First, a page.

Different sites bring different qualities when they are cultivated in the same way, meaning you can see that certain vineyards bring forth higher quality wines than others every year. This observation was made by the Cistercian monks in Burgundy as early as the 14th century. As a consequence, the word â€œterroirâ€ was coined and the first â€œcrusâ€ defined.
You could define good sites using certain known parameters, but in the end itâ€™s a complex interplay of all factors â€“ otherwise known as the terroir â€“ that makes a site and the wines grown there special.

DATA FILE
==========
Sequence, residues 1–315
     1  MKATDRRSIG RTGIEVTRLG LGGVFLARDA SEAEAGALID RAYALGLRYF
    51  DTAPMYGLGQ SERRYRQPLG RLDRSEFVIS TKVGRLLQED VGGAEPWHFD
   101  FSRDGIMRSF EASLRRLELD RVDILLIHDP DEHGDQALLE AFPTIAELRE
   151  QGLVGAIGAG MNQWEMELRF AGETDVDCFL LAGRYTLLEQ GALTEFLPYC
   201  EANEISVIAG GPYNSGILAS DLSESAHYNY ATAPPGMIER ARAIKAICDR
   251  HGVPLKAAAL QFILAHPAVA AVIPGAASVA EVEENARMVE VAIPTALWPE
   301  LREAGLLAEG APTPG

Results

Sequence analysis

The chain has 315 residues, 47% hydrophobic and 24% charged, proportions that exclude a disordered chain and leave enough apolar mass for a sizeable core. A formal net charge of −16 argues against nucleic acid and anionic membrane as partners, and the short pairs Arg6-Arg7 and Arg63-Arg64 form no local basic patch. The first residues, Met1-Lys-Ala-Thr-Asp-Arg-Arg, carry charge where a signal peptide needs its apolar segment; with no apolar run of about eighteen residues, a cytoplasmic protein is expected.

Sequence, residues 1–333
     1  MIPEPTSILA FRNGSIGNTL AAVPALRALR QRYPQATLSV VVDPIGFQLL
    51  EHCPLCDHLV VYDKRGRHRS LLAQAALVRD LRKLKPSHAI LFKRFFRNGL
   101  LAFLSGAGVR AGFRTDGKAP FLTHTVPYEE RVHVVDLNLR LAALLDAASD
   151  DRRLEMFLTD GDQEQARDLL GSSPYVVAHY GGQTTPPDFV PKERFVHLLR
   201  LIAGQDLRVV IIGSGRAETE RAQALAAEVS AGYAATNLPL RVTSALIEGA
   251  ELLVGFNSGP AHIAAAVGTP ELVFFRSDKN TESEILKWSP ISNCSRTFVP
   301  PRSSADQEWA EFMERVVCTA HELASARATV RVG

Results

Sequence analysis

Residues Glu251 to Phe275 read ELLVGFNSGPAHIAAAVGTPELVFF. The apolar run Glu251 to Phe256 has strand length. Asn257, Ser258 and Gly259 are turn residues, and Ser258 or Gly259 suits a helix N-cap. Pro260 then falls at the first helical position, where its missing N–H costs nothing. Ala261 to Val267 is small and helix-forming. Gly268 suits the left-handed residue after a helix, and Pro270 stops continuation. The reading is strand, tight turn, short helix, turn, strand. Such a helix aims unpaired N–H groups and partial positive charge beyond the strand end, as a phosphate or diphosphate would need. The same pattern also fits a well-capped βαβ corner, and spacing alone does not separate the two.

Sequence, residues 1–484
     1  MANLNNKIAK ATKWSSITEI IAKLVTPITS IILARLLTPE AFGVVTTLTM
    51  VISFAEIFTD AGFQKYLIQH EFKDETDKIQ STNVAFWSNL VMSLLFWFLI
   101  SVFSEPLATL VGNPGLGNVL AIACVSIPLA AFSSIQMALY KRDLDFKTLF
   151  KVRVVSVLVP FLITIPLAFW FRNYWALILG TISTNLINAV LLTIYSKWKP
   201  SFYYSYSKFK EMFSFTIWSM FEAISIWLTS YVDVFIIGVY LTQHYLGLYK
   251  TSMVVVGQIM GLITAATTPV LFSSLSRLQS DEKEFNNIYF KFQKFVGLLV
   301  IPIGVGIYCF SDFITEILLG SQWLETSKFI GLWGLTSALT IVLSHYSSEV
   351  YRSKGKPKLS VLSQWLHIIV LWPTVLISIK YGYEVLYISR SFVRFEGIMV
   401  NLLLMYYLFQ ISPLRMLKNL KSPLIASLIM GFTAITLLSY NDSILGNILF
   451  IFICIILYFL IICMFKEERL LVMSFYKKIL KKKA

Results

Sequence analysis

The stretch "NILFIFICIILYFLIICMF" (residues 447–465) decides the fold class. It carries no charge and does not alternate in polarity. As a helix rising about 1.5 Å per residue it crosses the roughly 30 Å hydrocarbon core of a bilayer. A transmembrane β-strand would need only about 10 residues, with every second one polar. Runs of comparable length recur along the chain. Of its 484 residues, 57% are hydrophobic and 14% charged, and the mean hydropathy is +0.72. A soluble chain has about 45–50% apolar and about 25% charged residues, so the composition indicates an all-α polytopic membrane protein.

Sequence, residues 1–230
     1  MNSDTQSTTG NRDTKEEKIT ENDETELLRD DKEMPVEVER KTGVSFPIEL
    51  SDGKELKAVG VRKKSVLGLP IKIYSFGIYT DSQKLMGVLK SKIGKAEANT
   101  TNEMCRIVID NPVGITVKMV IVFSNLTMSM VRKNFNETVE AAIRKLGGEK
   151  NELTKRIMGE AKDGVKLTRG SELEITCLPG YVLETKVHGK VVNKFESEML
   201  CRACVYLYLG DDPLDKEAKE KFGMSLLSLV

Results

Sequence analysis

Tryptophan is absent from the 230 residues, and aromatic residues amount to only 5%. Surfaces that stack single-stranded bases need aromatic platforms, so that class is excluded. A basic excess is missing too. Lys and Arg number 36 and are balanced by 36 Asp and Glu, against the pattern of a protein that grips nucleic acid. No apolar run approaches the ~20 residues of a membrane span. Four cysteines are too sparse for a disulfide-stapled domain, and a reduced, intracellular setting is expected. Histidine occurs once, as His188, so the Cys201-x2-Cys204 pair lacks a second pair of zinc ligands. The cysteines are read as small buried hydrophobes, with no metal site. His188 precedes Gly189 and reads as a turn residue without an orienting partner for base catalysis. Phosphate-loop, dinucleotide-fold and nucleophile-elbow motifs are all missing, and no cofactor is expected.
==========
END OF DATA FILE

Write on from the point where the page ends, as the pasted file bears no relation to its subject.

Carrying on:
By terroir we mean the coming together of all conditions, which have influence over the vine and therefore also the grapes in their development. These include climate, soil, hillside gradient, sun radiation, temperature, day-night temperature fluctuations, rainfall and distribution of rainfall, soil composition, water permeability, hours of sunlight and the winemakerâ€™s philosophy.
When creating a site classification, the terroir of the individual site is at the forefront.